How Accurate Is The Movie Cool Runnings?

Sports movies have been a thing for almost as long as movies have been a thing, going as far back as the silent movie era, according to Hollywood Insider. Since then, many great movies have had to do with real sporting events and/or real people involved in them. For example, there's "Rudy," the based-on-a-true-story adaptation of the story of Notre Dame football player Daniel "Rudy" Ruettiger (per IMDB), or "Remember The Titans," based loosely on the story of a Virginia high school football team and their 1971 season (also per IMDB).

One of the most popular sports movies to be based on a true story is 1993's "Cool Runnings," a Disney adaptation of the story of the 1988 Jamaican bobsled team. And while sports movies that purport to be based on true stories often take liberties with the facts -– sometimes huge liberties -– the Disney movie retains only the basic structure of the true story for the film. Other than the fact that there really was a bobsled team from Jamaica that competed in 1988, pretty much everything else in the movie is fiction.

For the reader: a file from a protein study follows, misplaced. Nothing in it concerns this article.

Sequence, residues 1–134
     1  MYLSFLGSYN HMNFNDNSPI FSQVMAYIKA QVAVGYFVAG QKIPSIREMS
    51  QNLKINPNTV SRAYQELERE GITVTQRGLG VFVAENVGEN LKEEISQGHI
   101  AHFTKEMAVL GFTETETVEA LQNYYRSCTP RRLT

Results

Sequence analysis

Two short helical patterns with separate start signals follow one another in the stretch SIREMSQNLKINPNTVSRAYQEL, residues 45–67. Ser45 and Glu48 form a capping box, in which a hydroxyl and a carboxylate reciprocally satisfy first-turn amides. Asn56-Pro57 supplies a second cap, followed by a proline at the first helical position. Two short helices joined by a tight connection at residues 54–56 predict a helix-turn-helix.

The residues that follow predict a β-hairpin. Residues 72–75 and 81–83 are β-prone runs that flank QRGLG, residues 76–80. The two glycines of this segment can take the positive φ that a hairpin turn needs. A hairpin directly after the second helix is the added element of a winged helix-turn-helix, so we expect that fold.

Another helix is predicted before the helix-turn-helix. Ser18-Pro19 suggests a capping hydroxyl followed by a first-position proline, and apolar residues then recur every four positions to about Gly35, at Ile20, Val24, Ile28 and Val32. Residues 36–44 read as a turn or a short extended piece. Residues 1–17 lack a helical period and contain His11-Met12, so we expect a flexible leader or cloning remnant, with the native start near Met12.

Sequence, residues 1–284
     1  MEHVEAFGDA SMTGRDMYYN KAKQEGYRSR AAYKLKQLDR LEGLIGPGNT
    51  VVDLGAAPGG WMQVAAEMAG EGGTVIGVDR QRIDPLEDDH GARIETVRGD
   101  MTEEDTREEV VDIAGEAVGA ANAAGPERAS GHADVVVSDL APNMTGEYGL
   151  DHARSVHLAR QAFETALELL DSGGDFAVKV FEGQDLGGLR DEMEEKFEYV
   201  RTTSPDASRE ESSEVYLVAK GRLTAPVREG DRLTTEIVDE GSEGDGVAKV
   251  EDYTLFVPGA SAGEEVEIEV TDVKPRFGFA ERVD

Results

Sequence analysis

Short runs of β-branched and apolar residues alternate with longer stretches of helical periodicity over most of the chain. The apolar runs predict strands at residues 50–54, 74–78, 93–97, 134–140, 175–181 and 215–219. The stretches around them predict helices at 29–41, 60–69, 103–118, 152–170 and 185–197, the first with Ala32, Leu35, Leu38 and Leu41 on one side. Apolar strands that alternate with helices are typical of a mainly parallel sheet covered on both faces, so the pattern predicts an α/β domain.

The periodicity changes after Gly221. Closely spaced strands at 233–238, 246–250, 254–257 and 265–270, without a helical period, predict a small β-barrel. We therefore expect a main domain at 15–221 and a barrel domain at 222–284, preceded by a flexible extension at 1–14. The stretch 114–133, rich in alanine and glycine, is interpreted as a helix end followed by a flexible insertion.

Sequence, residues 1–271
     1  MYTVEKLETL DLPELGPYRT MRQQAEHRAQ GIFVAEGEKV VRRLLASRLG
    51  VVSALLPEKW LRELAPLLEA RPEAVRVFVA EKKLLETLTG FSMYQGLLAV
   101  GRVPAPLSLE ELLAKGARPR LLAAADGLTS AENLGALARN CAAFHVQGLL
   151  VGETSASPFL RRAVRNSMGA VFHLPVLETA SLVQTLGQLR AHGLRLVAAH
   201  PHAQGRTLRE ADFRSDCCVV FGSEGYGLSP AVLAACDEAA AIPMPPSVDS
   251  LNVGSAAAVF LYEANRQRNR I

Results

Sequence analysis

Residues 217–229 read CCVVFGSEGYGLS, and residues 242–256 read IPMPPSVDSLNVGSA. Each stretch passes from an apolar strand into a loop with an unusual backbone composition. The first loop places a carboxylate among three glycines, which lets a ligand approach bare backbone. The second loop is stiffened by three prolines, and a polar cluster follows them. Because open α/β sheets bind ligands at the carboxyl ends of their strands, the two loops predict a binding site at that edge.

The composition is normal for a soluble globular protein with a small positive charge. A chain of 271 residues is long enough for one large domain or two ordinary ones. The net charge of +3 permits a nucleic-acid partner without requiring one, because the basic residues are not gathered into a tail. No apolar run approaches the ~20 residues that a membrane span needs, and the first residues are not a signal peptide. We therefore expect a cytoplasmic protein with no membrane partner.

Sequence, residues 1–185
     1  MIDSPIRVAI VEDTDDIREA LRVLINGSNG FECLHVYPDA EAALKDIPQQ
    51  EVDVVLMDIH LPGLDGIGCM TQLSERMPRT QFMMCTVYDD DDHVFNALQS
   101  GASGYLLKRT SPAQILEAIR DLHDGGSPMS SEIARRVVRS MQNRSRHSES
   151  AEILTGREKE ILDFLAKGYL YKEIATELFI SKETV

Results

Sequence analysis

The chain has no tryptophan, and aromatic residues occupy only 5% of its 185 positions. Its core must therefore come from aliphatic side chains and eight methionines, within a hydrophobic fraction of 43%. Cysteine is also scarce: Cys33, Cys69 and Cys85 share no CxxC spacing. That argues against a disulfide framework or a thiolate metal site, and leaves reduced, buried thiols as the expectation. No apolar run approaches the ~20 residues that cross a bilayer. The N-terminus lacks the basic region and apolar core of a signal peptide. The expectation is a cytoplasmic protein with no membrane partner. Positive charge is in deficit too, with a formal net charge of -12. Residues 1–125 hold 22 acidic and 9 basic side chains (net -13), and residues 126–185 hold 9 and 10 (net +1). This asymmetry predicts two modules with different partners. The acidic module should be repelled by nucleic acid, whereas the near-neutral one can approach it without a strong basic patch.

Cool Runnings fictionalized most of the story but used some real footage

"Cool Runnings" may have been an enjoyable film with memorable scenes and quotable lines, but as a piece of historical documentary, it leaves a lot to be desired. Pretty much the only thing true in the entire film, according to Business Insider, is the structural basis for the story. 

For example, the names of the four competitors were changed, as was their origin story — they weren't sprinters who took up bobsledding on their own, but rather, were recruited from the Jamaican army. Similarly, the film leans heavily into the idea that the four Black men from the tropics were outcasts among their largely Nordic, largely white competitors in Calgary, when in fact they were welcomed with open arms. Similarly, the film portrays the men as having to climb into freezers to experience cold for the first time in their lives, while in reality at least one of them, Devon Harris, had done a stint in England during his time in the army, and said the cold "punched me in the face and my heart," as he told Inside Edition

One thing the film did get right is the team's crash, and indeed, Disney even used actual footage from the Olympics and showed it in the film. Fortunately, no one was seriously injured in the incident.